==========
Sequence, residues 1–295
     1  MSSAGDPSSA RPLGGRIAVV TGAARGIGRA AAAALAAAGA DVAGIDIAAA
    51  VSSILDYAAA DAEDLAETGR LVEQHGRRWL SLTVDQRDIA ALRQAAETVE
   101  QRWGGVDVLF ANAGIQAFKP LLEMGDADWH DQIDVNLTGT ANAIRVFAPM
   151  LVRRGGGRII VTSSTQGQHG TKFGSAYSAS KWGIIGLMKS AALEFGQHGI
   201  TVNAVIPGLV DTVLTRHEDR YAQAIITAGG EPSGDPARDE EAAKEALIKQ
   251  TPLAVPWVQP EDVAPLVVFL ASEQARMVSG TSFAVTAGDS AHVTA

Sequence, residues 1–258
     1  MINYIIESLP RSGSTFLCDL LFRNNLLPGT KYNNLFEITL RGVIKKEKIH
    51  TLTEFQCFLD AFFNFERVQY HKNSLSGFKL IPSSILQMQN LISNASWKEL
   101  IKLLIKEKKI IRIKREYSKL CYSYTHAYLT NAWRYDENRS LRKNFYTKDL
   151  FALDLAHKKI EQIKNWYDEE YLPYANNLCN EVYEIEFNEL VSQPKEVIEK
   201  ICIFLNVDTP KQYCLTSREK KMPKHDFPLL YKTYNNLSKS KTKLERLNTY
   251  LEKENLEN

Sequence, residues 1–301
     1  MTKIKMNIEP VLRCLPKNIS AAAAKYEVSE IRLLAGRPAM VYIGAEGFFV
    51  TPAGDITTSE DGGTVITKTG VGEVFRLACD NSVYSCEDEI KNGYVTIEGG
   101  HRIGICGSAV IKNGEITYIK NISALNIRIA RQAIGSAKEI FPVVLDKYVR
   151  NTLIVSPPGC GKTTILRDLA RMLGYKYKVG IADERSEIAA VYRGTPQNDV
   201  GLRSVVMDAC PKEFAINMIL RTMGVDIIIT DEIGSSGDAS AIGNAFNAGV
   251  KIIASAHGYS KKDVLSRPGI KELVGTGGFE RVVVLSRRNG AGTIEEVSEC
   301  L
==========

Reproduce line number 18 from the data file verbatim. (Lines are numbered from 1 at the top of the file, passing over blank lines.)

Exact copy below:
   101  HRIGICGSAV IKNGEITYIK NISALNIRIA RQAIGSAKEI FPVVLDKYVR